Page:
A Listing of Internet Slang and Acronyms

Slang and Acronyms = Meaning

1 = One / exclamation mark
2 = To / Too / Two
4 = For or Four
403 = Deny Access To

A
AFAP = As Far As Possible
A&F = AAF Always And Forever
A3 = Anywhere, Any time, Any place
AAB = Average At Best
AAK = Alive And Kicking
AAMOF = As A Matter Of Fact
AAP = Always A Pleasure
AAR = At Any Rate
AAYF = As Always, Your Friend
ABD = Already Been Done
ABH = Actual Bodily Harm
ABT = Absolutely
ABT = About
ADL = All Day Long
ADN = Any Day Now
AEAE = And Ever And Ever
AEAP = As Early As Possible
AFAIAC / AFAIC = As Far As I Am Concerned
AFAICS = As Far As I Can See
AFAICT = As Far As I Can Tell
AFAIK = As Far As I Know
AFC = Away From Computer
AGW = All Going Well
ALOL = Actually Laughing Out Loud
ANY1 = Anyone
AYSOS = Are You Stupid Or Something?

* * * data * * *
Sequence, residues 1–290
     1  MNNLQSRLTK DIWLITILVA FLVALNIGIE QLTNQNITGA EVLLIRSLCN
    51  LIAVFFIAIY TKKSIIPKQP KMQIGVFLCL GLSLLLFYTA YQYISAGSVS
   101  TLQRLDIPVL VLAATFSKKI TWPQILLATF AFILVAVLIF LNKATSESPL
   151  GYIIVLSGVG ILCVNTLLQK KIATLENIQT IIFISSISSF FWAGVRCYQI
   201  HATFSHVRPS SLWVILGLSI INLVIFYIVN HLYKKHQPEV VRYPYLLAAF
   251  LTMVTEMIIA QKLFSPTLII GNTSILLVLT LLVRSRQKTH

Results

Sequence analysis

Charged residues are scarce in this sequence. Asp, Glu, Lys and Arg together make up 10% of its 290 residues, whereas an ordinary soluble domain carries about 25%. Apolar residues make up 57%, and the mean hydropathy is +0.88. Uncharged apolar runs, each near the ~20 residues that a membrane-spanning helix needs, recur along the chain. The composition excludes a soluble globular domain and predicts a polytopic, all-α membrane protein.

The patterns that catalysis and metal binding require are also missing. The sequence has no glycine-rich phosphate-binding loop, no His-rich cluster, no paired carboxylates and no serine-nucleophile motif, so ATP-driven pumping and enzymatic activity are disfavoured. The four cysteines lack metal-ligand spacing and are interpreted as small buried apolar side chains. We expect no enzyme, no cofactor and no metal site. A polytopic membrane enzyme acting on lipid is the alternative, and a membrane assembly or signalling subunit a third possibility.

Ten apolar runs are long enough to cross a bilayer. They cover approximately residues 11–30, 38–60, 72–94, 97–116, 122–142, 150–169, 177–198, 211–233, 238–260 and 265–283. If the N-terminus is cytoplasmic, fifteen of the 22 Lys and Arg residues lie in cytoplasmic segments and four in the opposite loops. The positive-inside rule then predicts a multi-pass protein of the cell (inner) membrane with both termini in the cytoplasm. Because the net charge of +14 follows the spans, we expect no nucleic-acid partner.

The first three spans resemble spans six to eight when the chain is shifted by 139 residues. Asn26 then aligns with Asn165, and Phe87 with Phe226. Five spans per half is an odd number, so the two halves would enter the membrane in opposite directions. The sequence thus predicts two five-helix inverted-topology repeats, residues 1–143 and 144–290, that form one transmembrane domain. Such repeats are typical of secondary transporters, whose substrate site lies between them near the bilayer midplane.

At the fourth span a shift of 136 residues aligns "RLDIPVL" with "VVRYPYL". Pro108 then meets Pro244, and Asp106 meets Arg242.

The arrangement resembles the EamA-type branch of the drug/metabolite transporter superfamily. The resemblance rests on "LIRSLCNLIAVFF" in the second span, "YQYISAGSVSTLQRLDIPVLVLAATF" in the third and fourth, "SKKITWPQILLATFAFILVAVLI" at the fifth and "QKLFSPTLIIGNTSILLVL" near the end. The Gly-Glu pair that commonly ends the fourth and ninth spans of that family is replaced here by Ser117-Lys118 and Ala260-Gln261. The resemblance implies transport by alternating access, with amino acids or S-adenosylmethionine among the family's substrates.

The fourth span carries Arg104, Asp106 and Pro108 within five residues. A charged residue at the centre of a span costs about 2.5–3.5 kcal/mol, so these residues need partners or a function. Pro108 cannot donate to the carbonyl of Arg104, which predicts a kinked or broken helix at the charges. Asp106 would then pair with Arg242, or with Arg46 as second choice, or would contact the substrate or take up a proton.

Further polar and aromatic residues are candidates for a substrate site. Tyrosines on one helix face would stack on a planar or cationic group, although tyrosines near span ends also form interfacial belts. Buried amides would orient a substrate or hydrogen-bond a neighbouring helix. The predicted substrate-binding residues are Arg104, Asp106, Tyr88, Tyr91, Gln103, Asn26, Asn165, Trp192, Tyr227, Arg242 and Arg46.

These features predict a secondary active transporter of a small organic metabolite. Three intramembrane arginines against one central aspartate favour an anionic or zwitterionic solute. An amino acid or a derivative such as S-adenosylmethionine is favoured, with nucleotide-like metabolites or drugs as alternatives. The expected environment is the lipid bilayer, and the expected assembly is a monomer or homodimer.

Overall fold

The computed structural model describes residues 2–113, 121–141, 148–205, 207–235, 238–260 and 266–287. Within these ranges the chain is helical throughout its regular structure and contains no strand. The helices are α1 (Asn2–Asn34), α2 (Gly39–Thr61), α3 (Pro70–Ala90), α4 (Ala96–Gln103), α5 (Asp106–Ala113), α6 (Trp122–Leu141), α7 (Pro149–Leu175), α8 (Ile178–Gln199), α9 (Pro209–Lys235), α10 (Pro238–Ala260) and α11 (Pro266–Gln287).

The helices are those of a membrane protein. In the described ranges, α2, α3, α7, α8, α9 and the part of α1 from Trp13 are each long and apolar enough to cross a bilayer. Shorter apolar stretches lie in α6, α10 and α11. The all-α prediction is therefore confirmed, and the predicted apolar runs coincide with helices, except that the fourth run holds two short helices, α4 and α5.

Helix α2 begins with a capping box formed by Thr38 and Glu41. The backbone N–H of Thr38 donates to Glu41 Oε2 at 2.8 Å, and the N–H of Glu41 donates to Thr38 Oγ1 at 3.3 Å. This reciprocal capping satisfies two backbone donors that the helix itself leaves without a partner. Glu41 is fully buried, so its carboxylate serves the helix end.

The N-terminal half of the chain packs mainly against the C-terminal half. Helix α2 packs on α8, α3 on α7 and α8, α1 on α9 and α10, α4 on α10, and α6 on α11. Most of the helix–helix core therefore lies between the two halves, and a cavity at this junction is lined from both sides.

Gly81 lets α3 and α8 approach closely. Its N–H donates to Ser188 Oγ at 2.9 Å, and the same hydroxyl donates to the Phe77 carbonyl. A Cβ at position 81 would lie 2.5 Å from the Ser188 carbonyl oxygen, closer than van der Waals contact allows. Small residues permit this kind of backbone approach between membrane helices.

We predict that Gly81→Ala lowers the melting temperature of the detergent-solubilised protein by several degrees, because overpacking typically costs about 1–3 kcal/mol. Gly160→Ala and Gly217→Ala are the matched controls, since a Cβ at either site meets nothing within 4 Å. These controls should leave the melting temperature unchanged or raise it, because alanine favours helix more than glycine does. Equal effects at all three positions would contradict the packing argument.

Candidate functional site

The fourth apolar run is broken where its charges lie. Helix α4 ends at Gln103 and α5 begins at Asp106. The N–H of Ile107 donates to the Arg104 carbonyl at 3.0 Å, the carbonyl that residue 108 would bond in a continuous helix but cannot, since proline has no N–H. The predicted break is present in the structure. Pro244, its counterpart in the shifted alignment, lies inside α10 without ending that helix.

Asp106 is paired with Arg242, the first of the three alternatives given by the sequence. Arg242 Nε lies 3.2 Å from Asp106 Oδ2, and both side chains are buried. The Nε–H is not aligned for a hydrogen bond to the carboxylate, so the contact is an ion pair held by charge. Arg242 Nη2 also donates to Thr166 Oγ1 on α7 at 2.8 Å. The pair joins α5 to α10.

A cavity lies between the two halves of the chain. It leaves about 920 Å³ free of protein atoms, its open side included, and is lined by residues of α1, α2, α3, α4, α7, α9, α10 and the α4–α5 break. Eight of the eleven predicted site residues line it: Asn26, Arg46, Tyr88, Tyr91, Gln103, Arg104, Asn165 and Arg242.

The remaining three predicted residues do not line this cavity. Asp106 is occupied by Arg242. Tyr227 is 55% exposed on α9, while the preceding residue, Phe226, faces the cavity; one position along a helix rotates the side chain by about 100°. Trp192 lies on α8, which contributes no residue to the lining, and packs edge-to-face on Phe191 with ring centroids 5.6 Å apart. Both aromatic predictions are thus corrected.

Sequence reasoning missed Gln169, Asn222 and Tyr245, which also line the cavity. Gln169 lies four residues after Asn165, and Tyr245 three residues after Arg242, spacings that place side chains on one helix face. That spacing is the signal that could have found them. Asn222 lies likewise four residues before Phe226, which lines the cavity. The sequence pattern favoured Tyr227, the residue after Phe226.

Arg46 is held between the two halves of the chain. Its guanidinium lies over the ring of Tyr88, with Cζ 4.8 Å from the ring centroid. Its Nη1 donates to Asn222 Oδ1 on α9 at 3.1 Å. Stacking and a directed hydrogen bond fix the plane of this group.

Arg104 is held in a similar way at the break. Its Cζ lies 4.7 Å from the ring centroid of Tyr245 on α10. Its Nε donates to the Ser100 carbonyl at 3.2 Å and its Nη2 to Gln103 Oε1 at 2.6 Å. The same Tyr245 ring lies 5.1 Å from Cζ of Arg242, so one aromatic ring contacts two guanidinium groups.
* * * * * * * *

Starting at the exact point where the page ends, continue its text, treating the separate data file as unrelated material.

B
B = Be
B4 = Before
Bb = Bye Bye, Goodbye
BBIAB = Be Back In A Bit
BBL = Be Back Later
BBS = Be Back Soon
BD = Big Deal
BRB = Be right back
BRB = Be right back / Bath-room break
BRT = Be right there
BTW = By the way

C
C = See
CSWS = Can’t Stop, Won’t Stop
CU = See you
CUL = See you later
Cuz = Because
CYA = See you
CYS = Check Your Settings

D
da = The
dat = That
DBA = Don’t Bother Asking
der = There
DIAF = Die In A Fire
Dunno = Don’t know

E
E123 = Easy as One, Two, Three
E2HO = Each to His/Her Own
EAK = Eating at Keyboard
ED = Erectile Dysfunction
EE or EEs = Employee -or- Employees
EFT = Electronic Funds Transfer
ELOL = Evil Laugh Out Loud
EM = Excuse Me
EMBM = Early Morning Business Meeting
EMFBI = Excuse Me For Butting In
EMFJI = Excuse Me For Jumping In
EMI = Excuse My Ignorance
EML = Email Me Later
EMSG = E-Mail Message
EOD = End Of Day -or- End Of Discussion
EOM = End Of Message
ESEMED = Every Second Every Minute Every Day
EWIE = mailing While Intoxicated
EZ = Easy

F
FHO = Friends Hanging Out
FTL = For The Loss